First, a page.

26 – Have some aloe vera 

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You’ve probably heard of aloe vera, but have you ever tasted it? On Curaçao, the precious aloe vera grows everywhere in the wild so no wonder it’s also being commercialized on the island and processed in creams, lotions, shampoos and all kinds of other products. Visit a local plantation and learn all about ‘sentebibu’ (aloe vera in Papiamentu).

27 – Go where the cool kids go

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The up-and-coming neighbourhood in Willemstad? Pietermaai for sure. The district went from being a neglected ghetto to a cool and artistic area with restored homes and hip bars and hotels. Visit by day and you’ll see some very cool street art and beautifully colored houses, visit by night and you’ll hear music and see dancing in the various cosy cafes and beach bars. Check out BijBlauw, Rock Beach and Mundo Bizarro.

28 – Get amazed by the country houses

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The ‘landhuizen’ or ‘country houses’ on Curaçao may be symbols of a dark past (it’s where the landlords lived and from where they kept an eye on the slaves working on the plantations) but today, a lot of the centuries-old mansions have been given a second life as a hotel, a museum, a gallery or a restaurant. Have diner at Doktertuin or Brakkeput Mei Mei, visit the art installations and lovely garden of Landhuis Bloemhof or Landhuis Habaai, spend the night at Landhuis Blauw. There’s plenty of options, you can find them all on the official Tourism Curaçao website.

29 – Walk on the Beekenburg fort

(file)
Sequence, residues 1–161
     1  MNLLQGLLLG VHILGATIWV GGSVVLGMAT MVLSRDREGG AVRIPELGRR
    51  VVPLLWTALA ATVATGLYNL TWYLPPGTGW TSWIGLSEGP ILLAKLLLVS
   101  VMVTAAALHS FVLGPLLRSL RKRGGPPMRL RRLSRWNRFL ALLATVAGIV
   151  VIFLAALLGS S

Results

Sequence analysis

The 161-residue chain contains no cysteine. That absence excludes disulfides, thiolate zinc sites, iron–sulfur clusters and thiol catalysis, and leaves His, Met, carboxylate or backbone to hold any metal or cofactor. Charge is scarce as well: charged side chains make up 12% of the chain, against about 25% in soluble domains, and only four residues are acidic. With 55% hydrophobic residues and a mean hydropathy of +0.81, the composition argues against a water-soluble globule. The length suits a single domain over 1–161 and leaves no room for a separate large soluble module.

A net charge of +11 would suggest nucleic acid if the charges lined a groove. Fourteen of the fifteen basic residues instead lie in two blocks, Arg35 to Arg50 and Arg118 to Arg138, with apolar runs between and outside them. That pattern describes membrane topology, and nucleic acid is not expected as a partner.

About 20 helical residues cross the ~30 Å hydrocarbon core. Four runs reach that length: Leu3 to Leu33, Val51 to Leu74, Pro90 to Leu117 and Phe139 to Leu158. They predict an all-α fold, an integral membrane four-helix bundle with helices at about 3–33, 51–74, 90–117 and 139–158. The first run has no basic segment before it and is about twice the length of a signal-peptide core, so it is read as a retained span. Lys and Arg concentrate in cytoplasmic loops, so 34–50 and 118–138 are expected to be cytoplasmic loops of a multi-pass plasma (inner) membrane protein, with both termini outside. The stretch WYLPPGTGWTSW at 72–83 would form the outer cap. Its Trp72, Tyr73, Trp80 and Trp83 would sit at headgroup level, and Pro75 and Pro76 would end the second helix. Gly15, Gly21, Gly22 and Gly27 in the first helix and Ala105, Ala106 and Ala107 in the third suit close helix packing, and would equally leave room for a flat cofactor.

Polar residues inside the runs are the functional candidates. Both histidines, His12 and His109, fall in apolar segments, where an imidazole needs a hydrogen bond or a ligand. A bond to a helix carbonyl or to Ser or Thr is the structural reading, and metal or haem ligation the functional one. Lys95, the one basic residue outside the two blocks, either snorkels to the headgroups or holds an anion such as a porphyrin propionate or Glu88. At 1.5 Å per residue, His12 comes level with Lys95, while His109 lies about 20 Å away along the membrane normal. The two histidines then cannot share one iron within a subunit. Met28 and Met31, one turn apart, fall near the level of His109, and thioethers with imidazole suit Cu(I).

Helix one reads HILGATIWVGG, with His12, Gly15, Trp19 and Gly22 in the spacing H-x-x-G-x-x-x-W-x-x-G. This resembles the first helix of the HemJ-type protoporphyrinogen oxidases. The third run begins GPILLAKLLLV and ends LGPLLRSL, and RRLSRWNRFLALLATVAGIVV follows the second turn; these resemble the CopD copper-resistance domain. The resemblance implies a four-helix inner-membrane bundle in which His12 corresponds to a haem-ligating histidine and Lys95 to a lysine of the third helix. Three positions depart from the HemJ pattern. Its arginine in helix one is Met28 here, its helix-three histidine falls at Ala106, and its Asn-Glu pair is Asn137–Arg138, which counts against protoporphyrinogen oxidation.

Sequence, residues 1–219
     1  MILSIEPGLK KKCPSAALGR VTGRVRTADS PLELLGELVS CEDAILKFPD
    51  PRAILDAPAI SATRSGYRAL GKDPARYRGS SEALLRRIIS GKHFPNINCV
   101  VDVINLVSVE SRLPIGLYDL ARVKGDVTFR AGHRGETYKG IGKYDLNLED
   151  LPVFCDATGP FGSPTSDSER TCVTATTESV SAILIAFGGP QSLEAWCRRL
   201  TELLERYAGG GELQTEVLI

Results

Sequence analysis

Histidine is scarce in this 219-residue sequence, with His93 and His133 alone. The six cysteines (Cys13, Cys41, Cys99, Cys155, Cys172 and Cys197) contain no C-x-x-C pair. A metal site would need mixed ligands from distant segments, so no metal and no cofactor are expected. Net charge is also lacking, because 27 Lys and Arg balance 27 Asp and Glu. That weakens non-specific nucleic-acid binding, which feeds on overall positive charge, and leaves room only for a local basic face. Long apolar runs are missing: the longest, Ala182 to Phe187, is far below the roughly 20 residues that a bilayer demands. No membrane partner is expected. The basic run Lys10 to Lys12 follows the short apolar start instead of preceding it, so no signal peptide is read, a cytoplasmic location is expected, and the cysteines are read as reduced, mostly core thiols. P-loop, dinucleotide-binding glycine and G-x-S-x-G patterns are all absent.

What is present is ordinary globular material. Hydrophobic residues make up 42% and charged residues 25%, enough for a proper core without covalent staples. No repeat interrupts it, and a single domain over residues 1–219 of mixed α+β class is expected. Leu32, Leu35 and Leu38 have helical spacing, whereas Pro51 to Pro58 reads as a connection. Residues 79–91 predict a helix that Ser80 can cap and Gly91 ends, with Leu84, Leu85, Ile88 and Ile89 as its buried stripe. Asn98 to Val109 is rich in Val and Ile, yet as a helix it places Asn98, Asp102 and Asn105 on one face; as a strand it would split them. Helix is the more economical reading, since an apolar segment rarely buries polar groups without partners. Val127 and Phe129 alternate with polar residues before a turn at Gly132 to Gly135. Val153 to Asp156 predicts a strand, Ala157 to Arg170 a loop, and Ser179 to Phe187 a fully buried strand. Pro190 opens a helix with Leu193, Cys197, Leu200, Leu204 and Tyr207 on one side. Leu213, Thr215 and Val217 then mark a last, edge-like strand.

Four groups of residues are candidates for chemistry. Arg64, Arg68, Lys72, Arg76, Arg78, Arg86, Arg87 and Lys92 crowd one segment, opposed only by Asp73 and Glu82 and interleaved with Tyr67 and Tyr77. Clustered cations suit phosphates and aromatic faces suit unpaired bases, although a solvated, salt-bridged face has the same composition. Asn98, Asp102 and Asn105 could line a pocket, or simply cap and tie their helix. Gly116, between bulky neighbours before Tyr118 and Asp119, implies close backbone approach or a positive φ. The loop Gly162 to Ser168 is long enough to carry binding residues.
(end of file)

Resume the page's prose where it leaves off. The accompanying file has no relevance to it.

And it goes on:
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Fort Beekenburg looks out at the Caracas Bay and was built to defend the harbor of the Spanish Water in 1703. The fort (and the island it was built on) was in private hands from 1927 to 2005 by Shell but today it’s back in the hands of the Curaçao government. You can explore the small peninsula and what’s left of the fort, climb the stone stairs and enjoy the views. On top, you can still find several cannons that were used to fight off pirates, the French and the English.

30 – Shoot a lizard (with a camera)

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If there’s one creature you’ll have regular encounters with on Curaçao, it’s the iguana. Don’t be surprised if you see it crawling around near tje hotel pool or underneath your chair at the beach! It’s best to just let the lizard be, like any other animal in the wild, but that doesn’t mean you can’t get a little closer for a great shot! Or even a selfie…

 

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In case you were wondering, the reason why there are photos missing at n° 6, 17 and 25 is because I haven’t experienced those myself. Yet! I always like to keep a few things unexplored, it’s the perfect excuse to go back… 😉